You’re no stranger to tough scenes. People don’t realize how draining it can be when you have to shoot these brutal scenes over and over. Does it ever weigh on you, or can you just turn it off?

You know, when I first started it was hard. You absolutely nailed it on the head. You don’t realize how physical, how emotional it is to do some of those movies. You don’t get a lot of credit as an actor in a horror film, it kind of gets dismissed. I have really come to respect a lot of people who work in our industry because of how intense it is. Film is hard, anyways. Long days, long hours, but if you’re doing a love story or a comedy, you can go [home] at the end of the day and usually just be fine.

Yeah, but get killed eight times in the same day…

Yeah! You’re being tortured to death for fifteen-hour days, for a week. If you have to think about the last moments of your life emotionally and be in that space for hours and hours, and you have to do it in extreme pain – the intensity that goes with that is a lot. It takes so much out of you. The last moments of a person’s life, when that’s your business, it can come home with you. It can be taxing on you and take a toll. When I was starting out, I didn’t really know how to separate those things. I was very much a method actor. I had to create these moments, or recall some bad moments of my own, and then stay there and I didn’t know how to switch it off. It was very difficult. Eventually, because I did it so much, I was able to develop the skills to turn it off and on as I needed it.

Now, I know exactly what I need to do. I can pretty much cry on cue, I know exactly the moment the emotion is going to need to hit. Because there’s a formula to horror movies. There are ups and downs. If I didn’t do it full time, it would be very hard.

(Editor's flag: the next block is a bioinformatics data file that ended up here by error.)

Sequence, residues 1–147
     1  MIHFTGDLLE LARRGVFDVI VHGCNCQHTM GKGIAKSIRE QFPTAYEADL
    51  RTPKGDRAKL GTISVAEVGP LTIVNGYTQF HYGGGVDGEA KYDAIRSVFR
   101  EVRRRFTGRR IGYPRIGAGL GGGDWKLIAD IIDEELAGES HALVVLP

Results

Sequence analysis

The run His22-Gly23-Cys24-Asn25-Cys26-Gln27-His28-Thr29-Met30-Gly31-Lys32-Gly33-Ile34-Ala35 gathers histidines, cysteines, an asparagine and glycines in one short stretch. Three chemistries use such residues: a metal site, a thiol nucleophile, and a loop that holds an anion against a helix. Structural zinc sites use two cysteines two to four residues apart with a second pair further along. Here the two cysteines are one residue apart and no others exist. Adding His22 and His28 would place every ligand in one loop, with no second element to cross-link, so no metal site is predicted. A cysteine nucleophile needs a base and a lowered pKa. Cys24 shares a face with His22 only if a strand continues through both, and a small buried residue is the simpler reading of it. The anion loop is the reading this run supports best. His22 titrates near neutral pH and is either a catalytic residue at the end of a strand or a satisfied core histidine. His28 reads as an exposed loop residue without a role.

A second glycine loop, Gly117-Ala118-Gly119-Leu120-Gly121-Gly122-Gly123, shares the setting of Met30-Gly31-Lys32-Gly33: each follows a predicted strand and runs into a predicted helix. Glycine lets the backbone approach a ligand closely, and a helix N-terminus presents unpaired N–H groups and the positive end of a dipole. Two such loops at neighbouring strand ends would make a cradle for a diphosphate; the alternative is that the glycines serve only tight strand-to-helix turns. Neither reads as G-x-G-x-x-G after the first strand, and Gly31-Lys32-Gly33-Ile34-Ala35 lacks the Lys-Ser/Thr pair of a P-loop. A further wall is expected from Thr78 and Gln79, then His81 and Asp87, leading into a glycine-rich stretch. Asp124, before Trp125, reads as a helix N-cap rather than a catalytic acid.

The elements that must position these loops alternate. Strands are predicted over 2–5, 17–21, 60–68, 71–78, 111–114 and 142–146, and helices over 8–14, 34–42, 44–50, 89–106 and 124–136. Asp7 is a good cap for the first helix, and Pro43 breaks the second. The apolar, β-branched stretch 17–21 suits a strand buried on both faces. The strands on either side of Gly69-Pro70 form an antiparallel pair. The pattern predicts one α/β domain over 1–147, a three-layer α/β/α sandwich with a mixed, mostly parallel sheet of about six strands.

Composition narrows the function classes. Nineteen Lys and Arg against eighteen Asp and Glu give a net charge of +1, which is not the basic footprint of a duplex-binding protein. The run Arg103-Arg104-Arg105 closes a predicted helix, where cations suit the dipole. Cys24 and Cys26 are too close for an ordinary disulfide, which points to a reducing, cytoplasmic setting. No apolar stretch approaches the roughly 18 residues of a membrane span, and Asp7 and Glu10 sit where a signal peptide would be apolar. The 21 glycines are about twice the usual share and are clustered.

What advice would you give to women trying to make it in the genre?

Well, perfect timing, I would say get involved with Women in Horror Month! I really would, because seeking out other people who are doing what you want to do is the easiest way to learn about it, connect, and potentially start working. The great thing about it is, during Women in Horror Month, a lot of people have committed time and resources to helping and to reaching out. So, if you’re a woman, and even if you’re a man honestly, and you want to get involved, there are websites, there are resources and film festivals and networking events for you to do exactly that!

What do you have coming up? Anything you want to mention?

Yes, Death Count, which has Michael Masden and Costas Mandylor, is coming out later this year. I’m excited for that. Completely opposite, I have a black and white modern noir thriller called Terra Bella, by Hunter Johnson, that I’m really excited about. Then we’re starting on our next one, Frost. That will start shooting in the next few weeks!

Awesome! I appreciate the time, thank you for chatting with us, Devanny!

Thank you so much, I really appreciate it!

Be on the lookout for Death Count and Terra Bella later this year, and don’t forget to stop by the Women in Horror Month website.

 

Joshua "Prometheus" Scafidi